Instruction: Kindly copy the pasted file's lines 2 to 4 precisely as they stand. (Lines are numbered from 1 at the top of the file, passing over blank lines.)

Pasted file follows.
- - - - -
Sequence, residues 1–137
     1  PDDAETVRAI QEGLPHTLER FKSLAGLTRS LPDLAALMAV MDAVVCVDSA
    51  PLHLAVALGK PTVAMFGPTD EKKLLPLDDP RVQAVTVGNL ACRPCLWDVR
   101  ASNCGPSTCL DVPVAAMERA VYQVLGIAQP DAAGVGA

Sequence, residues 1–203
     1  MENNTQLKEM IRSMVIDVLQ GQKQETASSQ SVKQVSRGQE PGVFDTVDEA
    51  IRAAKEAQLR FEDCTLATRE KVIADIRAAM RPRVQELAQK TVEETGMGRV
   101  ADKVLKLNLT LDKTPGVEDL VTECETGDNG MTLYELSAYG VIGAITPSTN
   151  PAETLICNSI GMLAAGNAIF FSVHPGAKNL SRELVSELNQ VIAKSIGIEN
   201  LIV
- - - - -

     1  PDDAETVRAI QEGLPHTLER FKSLAGLTRS LPDLAALMAV MDAVVCVDSA
    51  PLHLAVALGK PTVAMFGPTD EKKLLPLDDP RVQAVTVGNL ACRPCLWDVR
   101  ASNCGPSTCL DVPVAAMERA VYQVLGIAQP DAAGVGA